Roger Simon said, “If Obama can’t sell government as a force for good that is who he is, and if he can’t sell that then he can’t sell his presidency.”
Before President Obama made his media blitz this past Sunday he went on the road. He played host in small towns and hamlets to audiences that regaled him. The crowds listened to the President recount how one voice began the rally cry "fired up and ready to go!" He shook his head and laughed at himself as he recalled his displeasure to find he was soaking wet in front of an audience of twenty people. But it was that atypical setting where he got the word and found his candidate voice. Obama hoped that the magic and the fire would return by, well, if he retold how he found it in the first place. Those who sat close to the fire of his speech were warmed by it; however the crowds outside held up clear signs of the times that could not be ignored. Somebody was fired up this time – the right.
I watched three interviews and felt talked down to in all of them. But I was not outside among the fired up nor among those who cat-called “communist.” Socialism was the mortar but the rocks of the five interviews — the Carter comments about overwhelming racism behind the ugly mocking of Obama and health care reform. In the Meet the Press interview when asked about Carter’s contention, Obama calmly disagreed. He stated that for the media race and controversy was “catnip.” He repeated this at each interview, which was as homogenous as the nightly news that racism was not solely behind the outrage.
While the President was right to defuse the reminder that he was black, he missed an important opportunity to talk to the people. Instead he talked down to them. His only specific was the “3 principles” he mentioned on This Week: 1) affordable health insurance (if you don’t have) 2) reforms will give you more security (If you do have insurance) 3) deficit-neutral spending while driving down costs in the long term. How can a complex overhaul of a thousand pages be boiled down to a couple of sentences? President Obama put away Professor Obama when he needed him most.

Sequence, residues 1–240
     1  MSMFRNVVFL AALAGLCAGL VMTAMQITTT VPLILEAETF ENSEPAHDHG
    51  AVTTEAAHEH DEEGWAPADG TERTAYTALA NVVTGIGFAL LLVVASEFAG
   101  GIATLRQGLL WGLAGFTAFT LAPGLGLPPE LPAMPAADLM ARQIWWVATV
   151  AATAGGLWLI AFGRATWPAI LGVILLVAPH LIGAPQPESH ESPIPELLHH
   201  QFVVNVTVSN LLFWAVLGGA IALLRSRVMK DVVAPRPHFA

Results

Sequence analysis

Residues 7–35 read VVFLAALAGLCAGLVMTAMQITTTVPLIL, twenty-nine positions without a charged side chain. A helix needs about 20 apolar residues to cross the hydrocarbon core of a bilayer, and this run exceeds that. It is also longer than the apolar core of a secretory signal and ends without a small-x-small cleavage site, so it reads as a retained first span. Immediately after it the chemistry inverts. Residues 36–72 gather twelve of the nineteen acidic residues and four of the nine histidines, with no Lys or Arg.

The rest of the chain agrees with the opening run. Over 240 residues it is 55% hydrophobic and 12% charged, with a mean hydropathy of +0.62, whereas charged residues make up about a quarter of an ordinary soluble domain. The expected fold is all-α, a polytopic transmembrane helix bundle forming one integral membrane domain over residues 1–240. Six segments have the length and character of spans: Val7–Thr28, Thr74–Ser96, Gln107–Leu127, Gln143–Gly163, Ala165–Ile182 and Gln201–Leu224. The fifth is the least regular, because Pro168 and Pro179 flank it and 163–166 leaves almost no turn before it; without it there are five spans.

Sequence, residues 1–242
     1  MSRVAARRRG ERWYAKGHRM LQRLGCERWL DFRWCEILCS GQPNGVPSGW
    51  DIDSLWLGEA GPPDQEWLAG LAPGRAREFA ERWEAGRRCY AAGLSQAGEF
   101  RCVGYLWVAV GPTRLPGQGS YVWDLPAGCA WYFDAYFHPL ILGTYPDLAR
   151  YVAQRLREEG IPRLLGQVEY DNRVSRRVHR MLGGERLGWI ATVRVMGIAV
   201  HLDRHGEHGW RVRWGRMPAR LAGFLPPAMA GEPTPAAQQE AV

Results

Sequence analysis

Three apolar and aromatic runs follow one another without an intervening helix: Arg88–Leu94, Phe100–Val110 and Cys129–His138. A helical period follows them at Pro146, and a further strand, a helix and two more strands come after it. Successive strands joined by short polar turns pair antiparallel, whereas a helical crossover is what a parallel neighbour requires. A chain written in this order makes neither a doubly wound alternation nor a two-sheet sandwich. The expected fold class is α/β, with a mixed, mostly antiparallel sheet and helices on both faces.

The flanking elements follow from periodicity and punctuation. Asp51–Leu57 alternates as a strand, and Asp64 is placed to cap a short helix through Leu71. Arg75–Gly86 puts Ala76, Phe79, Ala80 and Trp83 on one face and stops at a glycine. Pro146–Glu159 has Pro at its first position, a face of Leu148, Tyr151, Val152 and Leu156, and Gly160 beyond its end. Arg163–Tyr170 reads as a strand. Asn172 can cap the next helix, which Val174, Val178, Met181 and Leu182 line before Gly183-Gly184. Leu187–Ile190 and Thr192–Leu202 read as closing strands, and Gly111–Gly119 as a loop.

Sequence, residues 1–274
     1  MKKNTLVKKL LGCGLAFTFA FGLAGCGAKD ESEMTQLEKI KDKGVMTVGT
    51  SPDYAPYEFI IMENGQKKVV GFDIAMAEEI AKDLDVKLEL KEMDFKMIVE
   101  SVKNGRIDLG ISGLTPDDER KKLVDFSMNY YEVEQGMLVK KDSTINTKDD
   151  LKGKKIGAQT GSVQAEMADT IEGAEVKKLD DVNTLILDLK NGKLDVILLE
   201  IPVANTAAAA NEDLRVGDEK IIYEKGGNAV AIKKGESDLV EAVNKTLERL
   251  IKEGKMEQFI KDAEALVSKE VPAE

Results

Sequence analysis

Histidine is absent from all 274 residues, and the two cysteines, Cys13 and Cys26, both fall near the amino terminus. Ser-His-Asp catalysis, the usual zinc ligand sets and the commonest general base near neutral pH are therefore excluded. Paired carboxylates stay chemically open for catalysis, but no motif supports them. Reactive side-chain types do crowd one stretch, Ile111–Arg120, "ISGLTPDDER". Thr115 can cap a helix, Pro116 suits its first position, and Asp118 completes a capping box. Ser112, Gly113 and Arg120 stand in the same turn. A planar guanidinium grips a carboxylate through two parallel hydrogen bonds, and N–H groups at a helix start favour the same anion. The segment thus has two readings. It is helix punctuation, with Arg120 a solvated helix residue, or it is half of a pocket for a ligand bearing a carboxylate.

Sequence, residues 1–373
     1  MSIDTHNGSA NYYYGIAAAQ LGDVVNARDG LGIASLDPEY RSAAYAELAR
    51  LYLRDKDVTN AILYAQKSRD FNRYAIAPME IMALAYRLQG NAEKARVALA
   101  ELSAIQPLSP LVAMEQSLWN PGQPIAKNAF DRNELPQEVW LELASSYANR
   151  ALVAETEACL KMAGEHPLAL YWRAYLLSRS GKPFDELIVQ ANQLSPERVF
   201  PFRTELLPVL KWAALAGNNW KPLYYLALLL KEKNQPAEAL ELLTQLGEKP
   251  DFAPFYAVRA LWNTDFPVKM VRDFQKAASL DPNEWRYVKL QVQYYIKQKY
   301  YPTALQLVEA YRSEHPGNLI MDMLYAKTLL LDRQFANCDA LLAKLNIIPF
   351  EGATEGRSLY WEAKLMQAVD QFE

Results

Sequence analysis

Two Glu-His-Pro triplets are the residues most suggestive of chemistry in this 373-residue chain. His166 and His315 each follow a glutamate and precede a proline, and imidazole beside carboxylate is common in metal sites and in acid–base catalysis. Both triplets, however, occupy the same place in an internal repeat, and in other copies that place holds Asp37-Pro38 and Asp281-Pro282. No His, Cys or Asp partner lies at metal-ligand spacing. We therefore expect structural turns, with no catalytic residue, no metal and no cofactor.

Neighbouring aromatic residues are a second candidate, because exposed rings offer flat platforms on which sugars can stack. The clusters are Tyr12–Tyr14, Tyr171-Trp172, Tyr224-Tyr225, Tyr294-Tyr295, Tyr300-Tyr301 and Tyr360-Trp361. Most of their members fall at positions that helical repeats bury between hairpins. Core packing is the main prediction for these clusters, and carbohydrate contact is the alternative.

George Stephanopoulos challenged the President most when he cited the dictionary definition of “tax,” and secondly when he closed the interview with the Kennedy-Khrushchev meeting debacle. He asked Obama had he met with a similar brick wall. Obama answered with “somehow I am not breaking through.” I felt Obama's discomfort with the analogy because he said he was not having problems on the foreign policy front, but on the home front with health care. Truly he was not breaking through the brick wall of his own making. However, This Week’s Roundtable summed it up nicely: Those who are insured don’t get it. So, why health care reform now?
On Face the Nation Obama pressed the padded-profits button and overcharges by insurance groups. He argued that they passed the costs on directly to consumers who were overcharged by 14%. Michael Steele made a few cogent remarks in his Republican rebuttal for Face the Nation. He was clear: Taxes will be greatly increased on the middle class—bottom line. The Right was squeamish about a massive tax and spend that loomed and was inherent (they argue) in health care reform.
Children of the ACORN
What were the right talkers up to while Obama shelled out five network interviews? Fox News Sunday and Glenn Beck (Saturday) were shut out completely. So FOX covered the big cauldron that ACORN fell into with a discussion of the advice-to-the-pimp video LOL. Fox had a black guest but it was not Obama, it was Bertha Lewis, CEO of ACORN. The buzz, and it’s getting louder, was that their funding from the feds was slated to be cut. The lack of transparency through the ACORN umbrella stuck to the wall: the non-profit taxable status of the parent organization — the only one in the country! This was news to me.
FOX Sunday played the video and Ms. Lewis’ reply was that it was indefensible and that those folks were terminated immediately and the “couple” was thrown out (too funny). Why would any legitimate organization entertain such questions in the first place? Some questions have no real answers.
Finally, Glenn Beck’s guest climbed up a royal tree and outlined Obama’s ties to “communists.” And how he came to power because he was guided to move to Chicago where the needed connections would be found.
With five fiery interviews the President needed to close the deal and save his presidency. He needed most to shut down the populist backlash. Members of his own party told him to forget it — we don’t need their support. We will go it alone and get it done. That’s a wonder in itself. The opposition voiced concern that a veritable Colossus of Barack was planned, and that the power of the President’s persuasive speeches and appearances created a temple to his personality.
The Democrats have rightly worried that a rapid reform bill would become the hanging gardens around the neck of the left, or the dreaded great pyramid scheme of illegal aliens. The media blitz over and with 142 interviews behind him can Obama rest now? It was obvious that he knew a herculean task laid before him — that of cleaning out the stables amidst wild horses. This time President Obama had to take down the fired up.Powered by Sidelines